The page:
Normally I am not a quitter. I usually finish what I have started. But this time, well, I have quit. No, I haven’t quit learning Hawaiian; I have quit learning Hawaiian with Duolingo. On 31st March I said goodbye to the app. So yes, I’m one of those people who have made Duo The Owl sad.

It wasn’t an easy decision to make. Actually, no… I’m not being honest right now. It was an easy decision to make. It was an easy, knee-jerk decision, taken out of frustration. A no-brainer. Do I have any regrets? No, I don’t.

For three months I let Duolingo be my teacher. And I have to say that the app was a great teacher … at the very beginning. After a while, when more “serious” grammar was introduced, everything changed. Maybe it was my fault, maybe it was Duolingo’s. And maybe no one (and nothing) was to blame. It just didn’t work out, I guess. Sometimes it happens. Sometimes you sign up for a language course, and after a few classes you decide not to continue. If you don’t want to give up on learning, you simply look for a better alternative. I did exactly that.

I succeeded in completing eleven modules on Duolingo. I started the 12th, but I just couldn’t finish it. I didn’t understand the grammar, I kept making the same mistakes, so finally I asked myself: “Is this worth your time?”. The answer was obvious. Because I had already bought a book – “Learn Hawaiian At Home” – I came to the conclusion that there was no point in waiting.

Even though I am no longer using Duolingo, I must admit – just to be fair – that I did learn something thanks to the app. I learnt a few words and maybe two or three phrases. Yes, you read correctly. A few words and three phrases after three months of learning. Definitely not the result I was aiming for. And what about grammar? Well, when it comes to grammar, I didn’t learn anything. No, I’m sorry; that’s a lie, because I learnt determiners. I nearly forgot about them, and they are so important in the Hawaiian language.

So that’s what Duolingo managed to teach me. As I’ve mentioned earlier, either I’m a poor student or Duolingo is a bad Hawaiian teacher. It may be both. But it doesn’t really matter now. Now I have my book, and I really like it (I know, I know – I also liked Duolingo when I started learning ʻōlelo Hawaii). I go through one chapter a month, which is super slow, but you have to remember that I’m learning Marshallese as well.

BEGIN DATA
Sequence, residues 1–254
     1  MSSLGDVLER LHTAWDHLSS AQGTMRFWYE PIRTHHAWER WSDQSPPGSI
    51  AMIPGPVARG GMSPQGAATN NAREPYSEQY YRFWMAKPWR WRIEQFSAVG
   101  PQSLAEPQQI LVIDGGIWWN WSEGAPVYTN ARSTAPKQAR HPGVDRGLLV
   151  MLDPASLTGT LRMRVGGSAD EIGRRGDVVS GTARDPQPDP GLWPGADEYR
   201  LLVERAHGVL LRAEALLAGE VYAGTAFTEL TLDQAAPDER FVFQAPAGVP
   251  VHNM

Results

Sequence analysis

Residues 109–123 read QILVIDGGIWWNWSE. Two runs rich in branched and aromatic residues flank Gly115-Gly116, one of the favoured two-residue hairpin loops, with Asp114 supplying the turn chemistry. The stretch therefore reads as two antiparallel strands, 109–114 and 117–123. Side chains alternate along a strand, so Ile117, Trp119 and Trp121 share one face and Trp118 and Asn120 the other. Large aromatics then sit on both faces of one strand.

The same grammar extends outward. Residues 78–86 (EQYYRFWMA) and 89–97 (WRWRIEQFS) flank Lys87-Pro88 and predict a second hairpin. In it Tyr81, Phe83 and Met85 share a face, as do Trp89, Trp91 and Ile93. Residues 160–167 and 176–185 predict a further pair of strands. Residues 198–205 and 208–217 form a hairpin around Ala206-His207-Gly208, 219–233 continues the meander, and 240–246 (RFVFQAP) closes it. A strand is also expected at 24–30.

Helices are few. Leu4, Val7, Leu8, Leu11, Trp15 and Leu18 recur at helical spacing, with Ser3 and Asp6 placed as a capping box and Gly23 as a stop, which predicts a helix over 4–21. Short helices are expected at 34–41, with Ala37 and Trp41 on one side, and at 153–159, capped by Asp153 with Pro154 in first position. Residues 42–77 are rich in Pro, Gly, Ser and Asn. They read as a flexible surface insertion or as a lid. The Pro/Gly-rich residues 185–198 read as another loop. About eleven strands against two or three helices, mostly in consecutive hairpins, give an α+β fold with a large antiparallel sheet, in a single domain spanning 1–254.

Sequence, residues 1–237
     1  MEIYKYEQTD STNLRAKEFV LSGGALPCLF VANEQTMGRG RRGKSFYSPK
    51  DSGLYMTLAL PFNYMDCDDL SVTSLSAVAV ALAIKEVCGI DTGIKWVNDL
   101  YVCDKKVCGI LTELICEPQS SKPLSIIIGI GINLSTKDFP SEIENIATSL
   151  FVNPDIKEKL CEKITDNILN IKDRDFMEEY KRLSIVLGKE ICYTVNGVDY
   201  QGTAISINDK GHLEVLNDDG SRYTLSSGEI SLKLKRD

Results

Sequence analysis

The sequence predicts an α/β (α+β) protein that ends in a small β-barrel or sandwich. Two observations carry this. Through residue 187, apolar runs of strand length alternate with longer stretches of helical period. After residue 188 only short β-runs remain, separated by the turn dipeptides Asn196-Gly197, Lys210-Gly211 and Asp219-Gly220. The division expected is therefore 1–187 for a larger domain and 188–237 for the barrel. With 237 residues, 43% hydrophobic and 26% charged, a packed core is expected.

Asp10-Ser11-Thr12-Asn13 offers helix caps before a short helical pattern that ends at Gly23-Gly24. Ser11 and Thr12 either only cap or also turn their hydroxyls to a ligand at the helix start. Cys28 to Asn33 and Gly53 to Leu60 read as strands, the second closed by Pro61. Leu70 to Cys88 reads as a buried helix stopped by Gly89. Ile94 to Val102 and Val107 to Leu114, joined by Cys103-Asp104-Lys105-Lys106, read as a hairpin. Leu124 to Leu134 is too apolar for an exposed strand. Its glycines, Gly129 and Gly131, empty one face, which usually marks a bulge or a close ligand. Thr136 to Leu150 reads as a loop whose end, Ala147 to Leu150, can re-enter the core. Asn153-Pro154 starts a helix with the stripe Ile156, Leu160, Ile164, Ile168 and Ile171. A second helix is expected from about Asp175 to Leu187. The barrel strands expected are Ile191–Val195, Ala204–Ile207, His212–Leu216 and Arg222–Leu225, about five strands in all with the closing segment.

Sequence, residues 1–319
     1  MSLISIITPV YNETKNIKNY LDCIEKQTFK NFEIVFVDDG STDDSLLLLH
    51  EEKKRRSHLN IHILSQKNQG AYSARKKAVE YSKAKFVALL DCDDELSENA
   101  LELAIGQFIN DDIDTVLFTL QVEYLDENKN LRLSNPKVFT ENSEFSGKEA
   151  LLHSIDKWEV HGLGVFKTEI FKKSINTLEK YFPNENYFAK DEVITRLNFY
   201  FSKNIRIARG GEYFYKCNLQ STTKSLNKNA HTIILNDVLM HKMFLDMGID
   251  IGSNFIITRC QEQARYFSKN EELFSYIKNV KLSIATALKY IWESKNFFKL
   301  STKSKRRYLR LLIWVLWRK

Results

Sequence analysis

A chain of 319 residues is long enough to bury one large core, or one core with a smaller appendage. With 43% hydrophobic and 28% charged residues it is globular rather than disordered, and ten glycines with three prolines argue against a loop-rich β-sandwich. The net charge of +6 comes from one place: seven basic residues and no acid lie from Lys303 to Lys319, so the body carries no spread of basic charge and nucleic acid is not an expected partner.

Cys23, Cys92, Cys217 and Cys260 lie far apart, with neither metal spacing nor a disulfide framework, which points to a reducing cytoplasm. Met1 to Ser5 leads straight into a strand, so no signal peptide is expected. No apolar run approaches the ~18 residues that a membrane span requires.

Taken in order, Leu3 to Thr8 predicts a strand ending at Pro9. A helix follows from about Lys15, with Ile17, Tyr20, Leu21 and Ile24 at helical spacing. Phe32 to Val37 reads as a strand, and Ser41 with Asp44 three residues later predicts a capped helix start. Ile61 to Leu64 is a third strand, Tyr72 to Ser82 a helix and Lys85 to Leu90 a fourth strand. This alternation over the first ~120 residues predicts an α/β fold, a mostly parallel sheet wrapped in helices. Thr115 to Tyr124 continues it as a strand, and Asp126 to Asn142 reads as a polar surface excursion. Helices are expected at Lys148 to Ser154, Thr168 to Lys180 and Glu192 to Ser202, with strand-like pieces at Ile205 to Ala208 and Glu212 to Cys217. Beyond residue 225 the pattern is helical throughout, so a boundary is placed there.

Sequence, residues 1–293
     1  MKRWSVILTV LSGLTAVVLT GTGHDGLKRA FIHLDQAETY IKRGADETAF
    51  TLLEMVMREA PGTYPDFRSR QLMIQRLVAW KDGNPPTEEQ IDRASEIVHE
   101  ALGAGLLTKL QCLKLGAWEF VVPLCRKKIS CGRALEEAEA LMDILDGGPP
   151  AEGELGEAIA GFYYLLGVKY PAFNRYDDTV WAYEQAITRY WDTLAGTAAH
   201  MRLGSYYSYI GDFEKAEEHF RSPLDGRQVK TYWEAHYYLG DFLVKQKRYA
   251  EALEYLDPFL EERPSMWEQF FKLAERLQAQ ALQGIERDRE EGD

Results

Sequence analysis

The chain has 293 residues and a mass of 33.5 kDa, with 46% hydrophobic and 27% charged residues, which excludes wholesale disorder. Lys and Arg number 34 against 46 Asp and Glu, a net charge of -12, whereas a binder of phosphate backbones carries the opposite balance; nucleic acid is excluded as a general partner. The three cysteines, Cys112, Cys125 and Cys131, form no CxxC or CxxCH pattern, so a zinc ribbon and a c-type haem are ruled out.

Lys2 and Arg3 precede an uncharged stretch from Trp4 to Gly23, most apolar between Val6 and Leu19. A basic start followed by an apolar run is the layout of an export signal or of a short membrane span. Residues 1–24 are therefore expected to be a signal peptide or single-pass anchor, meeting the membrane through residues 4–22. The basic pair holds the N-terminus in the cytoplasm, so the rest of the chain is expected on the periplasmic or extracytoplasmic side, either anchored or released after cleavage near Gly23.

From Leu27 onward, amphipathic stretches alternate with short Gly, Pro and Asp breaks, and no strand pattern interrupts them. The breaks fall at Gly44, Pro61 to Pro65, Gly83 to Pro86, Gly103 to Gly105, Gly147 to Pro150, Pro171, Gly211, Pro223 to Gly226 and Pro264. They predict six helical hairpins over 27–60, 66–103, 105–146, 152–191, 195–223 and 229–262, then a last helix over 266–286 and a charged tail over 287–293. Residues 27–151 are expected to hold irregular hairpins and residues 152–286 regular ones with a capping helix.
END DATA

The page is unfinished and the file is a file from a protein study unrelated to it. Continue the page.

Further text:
What can I tell you about my learning experience so far? I think I’m beginning to grasp the sentence-formation rules. Kahikāhealani Wight gives you a step-by-step instructions, so that you can understand what and why you are doing. That’s what I wasn’t able to find on Duolingo – solid explanations. I am aware that Ms Wight’s book won’t teach me everything, but I’m quite certain it will give me the basics. The basics we all need if we want to acquire any foreign language.

I won’t deny, I was eager to test Duolingo. Never before had I used a language learning app, so I was extremely curious. Especially that Duolingo started offering a course in Hawaiian. Everything seemed to tell me: “Go for it! It’s gonna be great! You just have to try!”. And so I did. Would I do it again knowing what I know now? I’m not sure. I have realized that modern technology isn’t my cup of tea. Is it because I’m not 18 anymore?

Of course, I’m not saying that I will never get back to Duolingo or start using any other app. I have learnt over the years to never say never. We shall see what the future will bring. Perhaps someone will create a really awesome app that will teach people Pacific tongues? By the way, I would absolutely love to be that person. If only I was better at IT… Anyway, for now I’m saying goodbye to Duolingo – I prefer to rely on my book. But is it forever? Only time will tell. So maybe I should rather say: “A hui hou, e Duolingo!”?


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